COVID-19 vaccine comes to Minnesota Veterans Homes

Minneapolis Veterans Home nursing assistant Joan Demey of St. Paul prepares to receive the COVID-19 vaccine on Dec. 29.

MINNEAPOLIS — Ninety-seven percent.

That’s how many veterans in the Minnesota Veterans Homes said they were willing to get the COVID-19 vaccine, according to a survey the state-run system conducted.

“I believe that they trust in the staff that takes care of them,” said Deputy Commissioner of Veterans Affairs Douglas Hughes.

Some of the residents and staff at the Minneapolis Veterans Homes began receiving the COVID-19 vaccine today, Dec. 29.

The state’s Minnesota Veterans Homes system received the vaccinations last week and performed a soft rollout of their vaccination steps in preparation for doing all five locations. Twin Cities media was present.

“With this vaccine, this is the beginning of the end,” Hughes said.

On Wednesday, Dec. 30, vaccinations will be given to residents at the Fergus Falls and Silver Bay homes, followed by vaccinations for staff.

Vaccines for the rest of the Minneapolis location will happen Dec. 31. The vaccines will come to the Luverne home on Jan. 4, Hughes said.

As a domiciliary facility, rather than nursing, Hastings will see vaccines in February, he said.

Vaccines are being given at the Minnesota Veterans Homes because all long-term care providers in Minnesota are vaccinating residents and staff this week.

Minneapolis is the largest of the five veterans homes. It has 260 residents and 550 staff.

Hughes said the same survey found 35 percent of staff said yes, 30 percent maybe and 35 percent said no. However, follow-up surveys are seeing rising results: 50 percent yes, 20 maybe and 30 no.

“We believe we will achieve 70 to 80 percent of the staff,” Hughes said.

Some of the “no” replies, he said, might have been “wait and see” types, while others firmly refuse it.

“As a health care worker, my obligation is to do no harm. I would think that would fit into it, getting the vaccine,” Hughes said.


Like a flu shot

The deputy commissioner said reactions to the vaccine have not been bad. It hurts less than a shingles shot and about the same as a tetanus or flu shot. He said a couple of vaccine receivers have experienced fatigue as a side effect.

Veteran Richard Evans, a resident at the Minneapolis Veterans Homes, describes receiving the COVID-19 vaccine to the Twin Cities media on Dec. 29.The Minnesota Veterans Homes experienced COVID deaths like all congregate care facilities in the state. He said the homes lose about a third of the residents to various causes of death each year.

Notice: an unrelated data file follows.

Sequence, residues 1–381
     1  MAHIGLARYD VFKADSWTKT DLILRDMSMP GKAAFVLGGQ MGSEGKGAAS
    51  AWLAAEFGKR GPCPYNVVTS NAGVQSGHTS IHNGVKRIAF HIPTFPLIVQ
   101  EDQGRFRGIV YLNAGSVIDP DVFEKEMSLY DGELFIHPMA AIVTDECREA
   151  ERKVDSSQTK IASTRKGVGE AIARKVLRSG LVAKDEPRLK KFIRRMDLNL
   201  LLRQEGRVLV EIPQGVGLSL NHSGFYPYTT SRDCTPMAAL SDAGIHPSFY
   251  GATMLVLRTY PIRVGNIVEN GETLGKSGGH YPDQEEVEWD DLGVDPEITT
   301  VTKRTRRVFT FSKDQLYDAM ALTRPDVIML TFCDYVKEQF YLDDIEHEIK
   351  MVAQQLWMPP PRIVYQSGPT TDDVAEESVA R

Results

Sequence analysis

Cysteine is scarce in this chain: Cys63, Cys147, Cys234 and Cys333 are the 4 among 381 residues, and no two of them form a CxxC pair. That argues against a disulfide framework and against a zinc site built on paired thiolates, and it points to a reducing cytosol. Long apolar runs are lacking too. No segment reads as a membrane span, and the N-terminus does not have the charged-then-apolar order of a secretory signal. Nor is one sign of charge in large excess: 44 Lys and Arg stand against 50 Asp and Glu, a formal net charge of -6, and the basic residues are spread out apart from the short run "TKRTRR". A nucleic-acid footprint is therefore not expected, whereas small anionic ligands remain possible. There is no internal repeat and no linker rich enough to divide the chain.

He didn’t have his specific numbers in front of him, but Hughes said the rate of death during the pandemic was only slightly higher than a typical pre-COVID year and on par with a strong flu season. He said respiratory diseases will work their course in a group setting.

“That’s just the way it is,” Hughes said.



“Encouraged” is the word Senior Director of Veterans Health Care Simone Hogan said about beginning vaccinations.

She said the staff has performed wonderfully. She is glad the veterans homes are getting closer to the end of the pandemic.

“We really do need to thank our staff. They have risen up to the challenge,” she said. “We are pleased with their efforts.”

She also thanked the families of veterans for being “supportive and understanding.” Many of them could not visit their loved ones because of strict visitation rules.

Minnesota Department of Veterans Affairs Chief of Staff Mike McElhiney, a veteran of the Army Special Forces, said he would encourage all veterans in Minnesota to get vaccinated when the time comes.

“I don’t know why a veteran would not want to get it,” he said. “They got vaccines in the military. It’s just one vaccination in the line of many to keep us healthy.”

The sooner people get it, he said, the sooner life gets back to normal.

He said he has witnessed the hard work and dedication of medical professionals and trust people in the field to have the best interest of the public at heart.

“They are professionals, and they are going to do it right,” McElhiney said.



Hughes said the Minnesota Veterans Homes, for 10 months, have had to navigate ever-changing guidance from the Minnesota Department of Health and the federal Centers for Disease Control.

However, staff at the five homes have adapted quickly. The fives homes act as one unit, he said.

“We communicated as quickly as we could after guidelines would come out,” he said.

Hughes has a background in the pharmaceutical industry, and the accelerated speed with which the vaccine trials and approvals took place “is phenomenal,” he said.

“And to be 95 percent effective, that’s phenomenal, too.”